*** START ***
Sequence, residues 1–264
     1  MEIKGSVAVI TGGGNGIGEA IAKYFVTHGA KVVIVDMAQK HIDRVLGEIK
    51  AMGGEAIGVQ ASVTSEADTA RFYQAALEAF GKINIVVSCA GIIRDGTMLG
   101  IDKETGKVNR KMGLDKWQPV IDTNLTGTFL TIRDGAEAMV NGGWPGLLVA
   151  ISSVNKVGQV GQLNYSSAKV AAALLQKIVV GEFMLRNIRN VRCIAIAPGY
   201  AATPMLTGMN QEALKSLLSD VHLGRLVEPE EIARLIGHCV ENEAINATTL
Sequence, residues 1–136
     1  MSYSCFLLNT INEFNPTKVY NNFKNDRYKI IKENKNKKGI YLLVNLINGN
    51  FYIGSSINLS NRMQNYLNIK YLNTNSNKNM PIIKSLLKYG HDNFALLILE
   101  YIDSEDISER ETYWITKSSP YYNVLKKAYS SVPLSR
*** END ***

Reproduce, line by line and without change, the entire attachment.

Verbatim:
Sequence, residues 1–264
     1  MEIKGSVAVI TGGGNGIGEA IAKYFVTHGA KVVIVDMAQK HIDRVLGEIK
    51  AMGGEAIGVQ ASVTSEADTA RFYQAALEAF GKINIVVSCA GIIRDGTMLG
   101  IDKETGKVNR KMGLDKWQPV IDTNLTGTFL TIRDGAEAMV NGGWPGLLVA
   151  ISSVNKVGQV GQLNYSSAKV AAALLQKIVV GEFMLRNIRN VRCIAIAPGY
   201  AATPMLTGMN QEALKSLLSD VHLGRLVEPE EIARLIGHCV ENEAINATTL
Sequence, residues 1–136
     1  MSYSCFLLNT INEFNPTKVY NNFKNDRYKI IKENKNKKGI YLLVNLINGN
    51  FYIGSSINLS NRMQNYLNIK YLNTNSNKNM PIIKSLLKYG HDNFALLILE
   101  YIDSEDISER ETYWITKSSP YYNVLKKAYS SVPLSR